April 28, 2016
by cindy hirschfeld | December 1, 2009 | Lifestyle
“It’s always been Aspen’s representative hotel,” says longtime Aspenite Tom Egan, communications
director for the Aspen Historical Society. “While it’s become a more high-end place to stay, they still welcome everyone to use the rest of the facilities. It provides the town with a gathering place that remains.”
As the hotel prepares to celebrate its 120th anniversary, we invite you to dive into the Jerome’s past and present.
During the 1950s the Jerome pool was town's see-and-be-seen hot spot
In the beginning...
When Aspen mining tycoon and former co-owner of Macy’s department store Jerome B. Wheeler unveiled his three-story, 92-room hotel on the eve of Thanksgiving 1889, its novel amenities—indoor plumbing, steam heat, an elevator and electricity—wowed guests from around the country. Wheeler’s goal, which mirrored the aspirational outlook of Aspen during that heady time of the Silver Boom, had been to emulate the most lavish European hotels.
For a few years Wheeler’s venture succeeded beyond what even he may have hoped. Wealthy travelers, prominent businessmen and theater stars—many of whom performed at Wheeler’s nearby eponymous opera house—were guests of the Jerome. In 1892 he sold the hotel to Archie Fisk of Denver, who couldn’t pay his taxes in the aftermath of the 1893 silver crash and eventually
relinquished ownership to the county.
Even as economic hard times embraced Aspen, the Jerome was establishing its reputation as the hub of town’s social life. An Aspen newspaper clipping from 1896 describes a party at the hotel given by Mr. and Mrs. S.I. Hallett as the “event of the season.” The tradition has continued ever since, with gatherings like the Jerome Jazz Party in the ’60s, raucous Halloween fêtes in the ’70s and the Shitkickers’ Ball today.
Aspen businessman Mansor Elisha leased the hotel in 1911, and the Jerome led a fittingly quiet existence during Aspen’s “Quiet Years.” Other than the occasional party, like the banquet
and dance hosted by the Pitkin County Stockgrower’s Association in June 1915 or the “welcome home” dance for veterans of World War I in 1919, the hotel hosted just a few guests and some long-term boarders.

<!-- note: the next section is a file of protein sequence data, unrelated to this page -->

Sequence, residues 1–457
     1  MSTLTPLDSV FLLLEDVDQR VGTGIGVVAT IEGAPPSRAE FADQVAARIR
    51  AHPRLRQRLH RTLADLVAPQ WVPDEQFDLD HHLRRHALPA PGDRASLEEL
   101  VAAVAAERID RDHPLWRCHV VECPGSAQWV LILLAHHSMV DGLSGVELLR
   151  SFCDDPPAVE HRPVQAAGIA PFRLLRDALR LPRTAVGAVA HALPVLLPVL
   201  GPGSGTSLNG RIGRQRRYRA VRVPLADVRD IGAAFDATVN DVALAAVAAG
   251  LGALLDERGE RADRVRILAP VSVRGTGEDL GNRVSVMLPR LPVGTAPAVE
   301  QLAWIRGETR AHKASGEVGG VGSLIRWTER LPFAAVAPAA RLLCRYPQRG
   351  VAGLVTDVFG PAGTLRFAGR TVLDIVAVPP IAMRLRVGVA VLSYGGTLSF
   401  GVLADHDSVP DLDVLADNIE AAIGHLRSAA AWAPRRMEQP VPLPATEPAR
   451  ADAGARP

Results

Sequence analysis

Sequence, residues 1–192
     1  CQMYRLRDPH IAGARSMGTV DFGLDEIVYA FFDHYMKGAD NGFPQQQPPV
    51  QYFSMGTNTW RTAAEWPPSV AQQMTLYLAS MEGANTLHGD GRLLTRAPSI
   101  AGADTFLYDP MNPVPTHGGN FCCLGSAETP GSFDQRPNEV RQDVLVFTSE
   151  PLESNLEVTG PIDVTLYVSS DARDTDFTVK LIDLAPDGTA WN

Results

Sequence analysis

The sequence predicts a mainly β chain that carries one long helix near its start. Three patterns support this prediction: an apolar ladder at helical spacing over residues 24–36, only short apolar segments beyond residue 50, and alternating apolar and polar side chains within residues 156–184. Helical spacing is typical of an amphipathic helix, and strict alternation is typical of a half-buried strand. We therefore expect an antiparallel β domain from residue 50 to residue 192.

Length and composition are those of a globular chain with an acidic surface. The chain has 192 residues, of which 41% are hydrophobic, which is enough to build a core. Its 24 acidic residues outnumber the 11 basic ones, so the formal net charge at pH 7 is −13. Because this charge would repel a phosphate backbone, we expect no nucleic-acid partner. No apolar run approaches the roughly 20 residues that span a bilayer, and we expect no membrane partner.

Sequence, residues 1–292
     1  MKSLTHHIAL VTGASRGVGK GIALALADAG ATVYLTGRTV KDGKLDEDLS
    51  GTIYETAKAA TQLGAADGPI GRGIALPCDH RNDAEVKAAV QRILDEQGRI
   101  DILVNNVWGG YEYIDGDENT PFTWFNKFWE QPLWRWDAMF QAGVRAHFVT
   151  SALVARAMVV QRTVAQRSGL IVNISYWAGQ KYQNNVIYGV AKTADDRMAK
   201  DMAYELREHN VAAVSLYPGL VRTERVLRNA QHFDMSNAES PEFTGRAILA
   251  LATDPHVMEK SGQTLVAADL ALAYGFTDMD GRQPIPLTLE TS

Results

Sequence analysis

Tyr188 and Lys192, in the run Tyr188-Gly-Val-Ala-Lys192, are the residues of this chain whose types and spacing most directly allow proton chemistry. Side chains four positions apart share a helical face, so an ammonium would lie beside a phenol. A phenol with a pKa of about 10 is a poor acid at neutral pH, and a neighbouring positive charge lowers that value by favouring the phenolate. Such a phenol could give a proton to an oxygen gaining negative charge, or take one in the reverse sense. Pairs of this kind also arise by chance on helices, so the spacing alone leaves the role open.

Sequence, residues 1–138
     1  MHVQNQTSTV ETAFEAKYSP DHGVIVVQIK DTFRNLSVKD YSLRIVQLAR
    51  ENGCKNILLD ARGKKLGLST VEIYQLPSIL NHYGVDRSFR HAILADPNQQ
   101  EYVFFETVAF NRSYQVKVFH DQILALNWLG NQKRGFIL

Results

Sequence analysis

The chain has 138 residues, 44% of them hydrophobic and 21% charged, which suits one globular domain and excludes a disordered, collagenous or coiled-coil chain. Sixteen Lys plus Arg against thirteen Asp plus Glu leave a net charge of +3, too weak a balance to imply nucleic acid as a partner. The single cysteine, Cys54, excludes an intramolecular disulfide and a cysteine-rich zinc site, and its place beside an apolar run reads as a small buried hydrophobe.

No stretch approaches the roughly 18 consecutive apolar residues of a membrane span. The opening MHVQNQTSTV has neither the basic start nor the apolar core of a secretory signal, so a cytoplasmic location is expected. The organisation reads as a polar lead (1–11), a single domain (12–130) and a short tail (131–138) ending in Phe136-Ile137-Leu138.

During Prohibition the bar became a soda fountain, and legend has it that the Aspen Crud—a milkshake spiked with Bourbon—was invented then.
The First Renaissance
The Jerome got a second wind in 1946, when it was leased by modern town father Walter Paepcke and received a face-lift from Bauhaus designer Herbert Bayer. The brick exterior was painted white, with blue “eyebrows” over the windows. The restaurant served Swiss cuisine. The original, ornate maple bar was completely restored. In Aspen’s first wave of modern celebrity culture, stars like Gary Cooper, Lana Turner and John Wayne visited. Mortimer Adler of the Aspen Institute held court at the hotel’s pool.
And in the late 1950s, the place became a magnet for some of Aspen’s younger residents. “Something about the Hotel Jerome sucked us in as young kids, and we became terrible pests to the management,” remembers native Aspenite Tony Vagneur. Fascinated by the hotel elevator—the only one in town—young Vagneur and his friends loved to fool with the buttons and doors.
Vagneur and his pals also wrangled autographs from visiting stars of the silver screen, who stayed only at the Jerome when in Aspen—and almost always in the same second-floor suite. “It was almost a sure bet that if we knocked on the door, someone would answer that we’d seen on the big screen over at the Isis,” Vagneur says. “We got an autograph from every person we recognized, which at the end of the winter amounted to a fair stack of personalized signatures.”